Wales claimed their second Six Nations title in three years after France lost 27-23 to Scotland in the last game of the championship as the visitors celebrated their first win in Paris since 1999 on Friday.
France looked set to win their fourth match when they won the ball in the last play in stoppage time, only for Brice Dulin, who had scored the decisive try in last Saturday’s dramatic 32-30 victory against Wales, to run with it instead of kicking it out in an ill-advised attempt to secure a fourth-try bonus point.
Les Bleus, who scored tries through Dulin, Damian Penaud and Swan Rebbadj, lost it again and Scotland went on to score a last-gap try through Duhan van Der Merwe to seal victory.
The result still left Scotland in fourth place despite beating England at Twickenham and France in Paris, just behind Ireland on points difference with 15 points.
Wales have 20 points from four wins with France, who needed a win by 21 points and with a bonus point to leapfrog them for their first title since 2010, second on 16 points.
England are fifth on 10 points with Italy taking the wooden spoon having lost all their games without a bonus.
Scotland needed to win by eight points to get their highest finish in the championship since they won the last Five Nations in 1999.
They came up short, but left the pitch with pride after Van der Merwe’s two tries, another one by David Cherry and points from the boot of Finn Russell and Adam Hastings.
With the game being played outside the international window, coach Greg Townsend could select only five players from English clubs, meaning that back-three Sean Maitland and prop Jamie Bhatti missed out.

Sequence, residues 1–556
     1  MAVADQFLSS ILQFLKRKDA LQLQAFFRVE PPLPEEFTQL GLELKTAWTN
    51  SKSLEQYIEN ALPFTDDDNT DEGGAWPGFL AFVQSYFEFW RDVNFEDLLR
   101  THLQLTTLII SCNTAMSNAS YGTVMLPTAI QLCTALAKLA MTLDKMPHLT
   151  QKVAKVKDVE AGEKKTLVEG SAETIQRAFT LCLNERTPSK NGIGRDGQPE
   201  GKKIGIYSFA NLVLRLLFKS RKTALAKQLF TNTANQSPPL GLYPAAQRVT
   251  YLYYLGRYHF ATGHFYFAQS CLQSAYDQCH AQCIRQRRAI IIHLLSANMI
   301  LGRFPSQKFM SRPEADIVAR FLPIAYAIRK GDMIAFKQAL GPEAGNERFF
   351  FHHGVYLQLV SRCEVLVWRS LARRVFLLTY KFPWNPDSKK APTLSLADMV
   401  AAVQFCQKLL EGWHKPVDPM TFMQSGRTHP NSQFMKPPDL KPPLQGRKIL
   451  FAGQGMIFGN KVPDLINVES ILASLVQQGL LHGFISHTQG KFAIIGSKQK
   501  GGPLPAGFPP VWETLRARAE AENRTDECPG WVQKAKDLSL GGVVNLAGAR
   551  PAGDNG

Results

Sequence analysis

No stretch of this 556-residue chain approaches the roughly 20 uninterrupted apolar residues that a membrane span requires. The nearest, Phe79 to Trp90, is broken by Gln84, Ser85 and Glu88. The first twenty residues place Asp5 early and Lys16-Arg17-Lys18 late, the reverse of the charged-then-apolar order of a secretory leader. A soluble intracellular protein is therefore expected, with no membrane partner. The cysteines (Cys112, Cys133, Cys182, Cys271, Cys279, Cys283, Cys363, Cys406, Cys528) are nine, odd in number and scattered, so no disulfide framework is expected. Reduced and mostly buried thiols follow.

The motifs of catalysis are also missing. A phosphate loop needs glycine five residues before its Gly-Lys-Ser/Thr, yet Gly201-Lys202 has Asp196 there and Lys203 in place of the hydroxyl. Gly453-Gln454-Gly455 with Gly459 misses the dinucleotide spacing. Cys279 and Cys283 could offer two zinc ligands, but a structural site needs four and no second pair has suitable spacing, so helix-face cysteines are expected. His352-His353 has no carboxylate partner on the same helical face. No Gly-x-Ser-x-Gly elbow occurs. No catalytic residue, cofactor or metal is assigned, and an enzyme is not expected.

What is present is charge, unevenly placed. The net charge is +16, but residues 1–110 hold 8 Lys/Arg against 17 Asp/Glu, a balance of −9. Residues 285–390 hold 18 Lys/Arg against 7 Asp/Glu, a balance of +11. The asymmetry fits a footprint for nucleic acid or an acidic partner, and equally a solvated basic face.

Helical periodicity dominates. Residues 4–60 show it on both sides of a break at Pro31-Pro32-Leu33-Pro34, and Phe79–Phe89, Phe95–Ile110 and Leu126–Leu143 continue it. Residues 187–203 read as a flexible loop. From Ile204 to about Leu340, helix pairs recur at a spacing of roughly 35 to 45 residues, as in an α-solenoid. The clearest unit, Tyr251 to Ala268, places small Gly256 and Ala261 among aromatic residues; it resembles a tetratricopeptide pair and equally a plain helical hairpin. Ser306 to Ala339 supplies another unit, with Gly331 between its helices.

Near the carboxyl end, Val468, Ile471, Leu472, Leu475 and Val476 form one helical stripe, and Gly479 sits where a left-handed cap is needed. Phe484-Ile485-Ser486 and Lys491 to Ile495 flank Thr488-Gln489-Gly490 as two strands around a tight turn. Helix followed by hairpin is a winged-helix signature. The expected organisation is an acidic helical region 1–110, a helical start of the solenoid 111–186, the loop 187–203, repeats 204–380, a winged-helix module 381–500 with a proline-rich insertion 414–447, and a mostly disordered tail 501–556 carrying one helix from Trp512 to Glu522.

Both teams resorted to kicks early on and France were the first to score through Romain Ntamack’s penalty.
But they found themselves facing a higher mountain to climb when Scotland moved 7-3 ahead as Duhan van der Merwe picked the ball from a ruck and touched down, with Russell converting.
Russell added another penalty.
Les Bleus made basic errors and could only see Scotland’s try line from a distance, until Dulin dived over after being found on the inside by Damian Penaud as France were rewarded for a long domination spell.
Scotland paid for their ill discipline with a Stuart Hogg yellow card on the stroke of half-time.
After a first foiled attempt, France grabbed the second try when Penaud grabbed Virimi Vakatawa’s brilliant offload before chipping it over and touching down to extend the lead to eight points.
But the visitors went ahead again with a penalty and a try by Cherry, who leapt over from a maul before Russell converted.
France hit back when Rebbadj went over after being set up by Antoine Dupont close to the line.
Russell was then sent off with nine minutes left for elbowing Penaud in the throat, but France lost their advantage as replacement scrum-half Baptiste Serin was sin-binned three minutes later.
It seemed over for Scotland but Dulin lost the plot in stoppage time for a memorable error that gave Scotland a last chance, which they made a feast of as Van der Merwe managed to dive over in the corner.
“I’m so proud of the team,” said coach Gregor Townsend, a try scorer in Scotland’s last Paris win 22 years ago. “We’ve come here with a bit of adversity, not a full squad, got an injury on Wednesday, got a red card, yellow card and we’ve had to come back against a very very good side. They showed courage, togetherness, determination and skill to win. So it was a great end to a really promising season for us.”
Regarding the last gasp assault, he said: “It took a lot of knocking on the door, which is credit for France’s defence, but the players found a way. I’m so proud of them and even though we’ve finished fourth it feels like one of our best-ever seasons.
“Over the last two years we’ve been competitive in every game and the players will take confidence from that.”